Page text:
David Hose is a bioterrorism casualty. Little wonder, then, that his confidence in U.S. readiness for another such attack is about as low as his energy and as weak as his still-battered...
SAN FRANCISCO — David Hose is a bioterrorism casualty.
Little wonder, then, that his confidence in U.S. readiness for another such attack is about as low as his energy and as weak as his still-battered immune system, lingering aftereffects of the anthrax he accidentally inhaled while handling a letter addressed to Sen. Patrick Leahy three years ago.
“I was worried before the attacks,” said Hose, 60, who spent more than two weeks in the hospital with the anthrax infection and will never fully recover. “Now, I’m convinced it will happen again, and I don’t think we’re doing enough to address that.”
Hose, a government worker, is not alone. Biological-weapons experts, including a scientist who played a big role in eradicating smallpox from the globe, have similar concerns.
Most Read Stories
- Michael Bennett explodes at reporter following Seahawks-Falcons game
- This season, Seahawks have crossed the line from brash to just plain unlikable | Matt Calkins
- Anti-Trumper John Kasich to doubters: I'm no lame duck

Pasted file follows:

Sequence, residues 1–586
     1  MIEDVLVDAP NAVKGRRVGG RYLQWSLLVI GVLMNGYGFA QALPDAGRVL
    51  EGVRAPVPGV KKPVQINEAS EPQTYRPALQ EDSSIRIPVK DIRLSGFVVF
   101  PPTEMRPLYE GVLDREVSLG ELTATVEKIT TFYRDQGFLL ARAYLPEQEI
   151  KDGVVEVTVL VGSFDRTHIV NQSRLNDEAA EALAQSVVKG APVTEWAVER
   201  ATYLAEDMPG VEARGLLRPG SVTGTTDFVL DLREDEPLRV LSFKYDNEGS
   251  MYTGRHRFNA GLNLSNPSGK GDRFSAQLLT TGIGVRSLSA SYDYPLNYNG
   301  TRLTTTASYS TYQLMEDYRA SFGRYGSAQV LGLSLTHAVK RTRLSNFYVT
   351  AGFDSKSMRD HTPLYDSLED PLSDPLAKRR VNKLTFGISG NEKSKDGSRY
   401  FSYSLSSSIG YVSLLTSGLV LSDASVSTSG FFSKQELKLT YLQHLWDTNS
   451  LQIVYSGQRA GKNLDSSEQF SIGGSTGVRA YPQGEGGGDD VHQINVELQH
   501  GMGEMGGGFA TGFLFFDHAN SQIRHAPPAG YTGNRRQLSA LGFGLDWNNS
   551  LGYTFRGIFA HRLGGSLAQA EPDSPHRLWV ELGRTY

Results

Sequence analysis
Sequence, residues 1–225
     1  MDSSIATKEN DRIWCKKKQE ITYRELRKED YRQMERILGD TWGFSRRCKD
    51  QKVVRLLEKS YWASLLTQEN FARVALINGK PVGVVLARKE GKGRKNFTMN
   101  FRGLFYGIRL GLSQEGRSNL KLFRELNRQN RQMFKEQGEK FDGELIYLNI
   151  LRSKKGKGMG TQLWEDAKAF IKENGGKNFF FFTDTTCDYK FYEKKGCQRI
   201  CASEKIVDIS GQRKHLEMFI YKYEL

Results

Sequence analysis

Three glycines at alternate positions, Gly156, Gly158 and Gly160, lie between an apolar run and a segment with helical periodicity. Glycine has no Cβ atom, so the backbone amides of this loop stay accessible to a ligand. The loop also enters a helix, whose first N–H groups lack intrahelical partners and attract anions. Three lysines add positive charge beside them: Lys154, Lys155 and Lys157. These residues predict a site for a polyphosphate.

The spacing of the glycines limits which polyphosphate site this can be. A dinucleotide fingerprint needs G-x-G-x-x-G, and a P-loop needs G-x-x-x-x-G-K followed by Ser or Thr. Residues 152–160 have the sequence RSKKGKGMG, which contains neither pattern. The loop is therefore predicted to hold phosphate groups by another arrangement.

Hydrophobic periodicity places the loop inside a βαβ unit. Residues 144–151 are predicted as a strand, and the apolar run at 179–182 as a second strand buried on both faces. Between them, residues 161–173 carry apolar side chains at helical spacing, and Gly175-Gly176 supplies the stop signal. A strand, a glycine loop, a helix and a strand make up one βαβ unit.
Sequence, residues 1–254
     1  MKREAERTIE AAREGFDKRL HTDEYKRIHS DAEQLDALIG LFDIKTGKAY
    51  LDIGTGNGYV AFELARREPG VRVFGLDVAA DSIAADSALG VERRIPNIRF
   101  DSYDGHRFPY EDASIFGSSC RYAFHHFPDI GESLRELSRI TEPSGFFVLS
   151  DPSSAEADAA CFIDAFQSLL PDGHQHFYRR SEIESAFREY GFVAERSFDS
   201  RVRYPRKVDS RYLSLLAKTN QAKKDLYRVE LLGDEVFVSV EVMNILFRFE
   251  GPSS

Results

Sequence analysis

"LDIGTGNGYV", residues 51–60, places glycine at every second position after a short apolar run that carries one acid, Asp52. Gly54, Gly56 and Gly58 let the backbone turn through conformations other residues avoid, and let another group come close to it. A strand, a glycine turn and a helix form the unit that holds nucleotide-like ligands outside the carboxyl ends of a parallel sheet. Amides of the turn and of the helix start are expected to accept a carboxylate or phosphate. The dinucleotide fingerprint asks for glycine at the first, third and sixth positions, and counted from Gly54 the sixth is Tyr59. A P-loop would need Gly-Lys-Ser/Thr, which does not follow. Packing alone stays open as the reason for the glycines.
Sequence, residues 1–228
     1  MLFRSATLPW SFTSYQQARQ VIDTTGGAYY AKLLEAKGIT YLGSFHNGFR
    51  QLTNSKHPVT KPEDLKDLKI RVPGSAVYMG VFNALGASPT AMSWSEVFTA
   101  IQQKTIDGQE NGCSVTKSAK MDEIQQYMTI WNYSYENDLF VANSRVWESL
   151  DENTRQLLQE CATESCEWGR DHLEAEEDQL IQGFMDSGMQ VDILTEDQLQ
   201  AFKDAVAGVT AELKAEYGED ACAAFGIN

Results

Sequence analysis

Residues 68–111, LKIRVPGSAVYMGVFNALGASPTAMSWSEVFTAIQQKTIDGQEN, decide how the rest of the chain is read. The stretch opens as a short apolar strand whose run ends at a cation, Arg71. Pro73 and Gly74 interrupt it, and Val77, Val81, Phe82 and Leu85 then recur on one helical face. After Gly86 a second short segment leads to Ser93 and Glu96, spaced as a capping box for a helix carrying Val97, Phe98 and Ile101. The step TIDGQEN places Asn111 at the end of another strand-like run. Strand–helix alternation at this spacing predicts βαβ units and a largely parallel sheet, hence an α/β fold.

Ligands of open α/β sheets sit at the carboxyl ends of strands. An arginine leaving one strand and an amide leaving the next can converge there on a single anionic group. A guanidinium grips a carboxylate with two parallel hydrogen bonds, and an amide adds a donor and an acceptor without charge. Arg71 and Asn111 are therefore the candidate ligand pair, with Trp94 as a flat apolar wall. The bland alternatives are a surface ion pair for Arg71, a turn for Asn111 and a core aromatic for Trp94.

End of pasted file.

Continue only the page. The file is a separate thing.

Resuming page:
- Is the Seahawks’ championship window still open? | Larry Stone
- Patty Murray, Maria Cantwell criticized for vote to block prescription drugs from Canada
While the experts laud the increased spending government lavished on combating biological threats in 2004, they sense momentum slowing as public attention and political will wane.
The unsolved anthrax attacks that killed five and sickened Hose and 16 others three years ago are but faint background noise in the national-security debate today.
The fact that U.S. forces in Iraq have yet to find any biological weapons also factors into the public’s fading attention, experts say.
“There is a certain element of complacency setting in,” said Dr. D.A. Henderson of the University of Pittsburgh’s Center for Biosecurity. “Anthrax still keeps me up at night.”
Henderson said anthrax remains atop his list of diseases with the potential to be used as weapons. That’s because there has been little accounting of what became of the former Soviet Union’s vast biological-weapons program.
“The Russians kept 30 metric tons of anthrax in dry storage. The amount used in the U.S. attacks was 10 grams,” Henderson said.
“There were 60,000 Russians working on this, we don’t know where most of them are today.”
Henderson, who led the global smallpox-eradication campaign in the 1960s and served as a bioterrorism consultant to President Bush, said the federal government made significant progress in 2004 in combating the threat, including earmarking a record amount of money to address the problem.
Federal spending has increased from $414 million in fiscal year 2001 to a proposed $7.6 billion for this year, according to a Pitt study. Since Sept. 11, 2001, the federal government has awarded contracts worth a combined $1.5 billion to biotech companies to beef up the nation’s smallpox and anthrax vaccine stockpiles.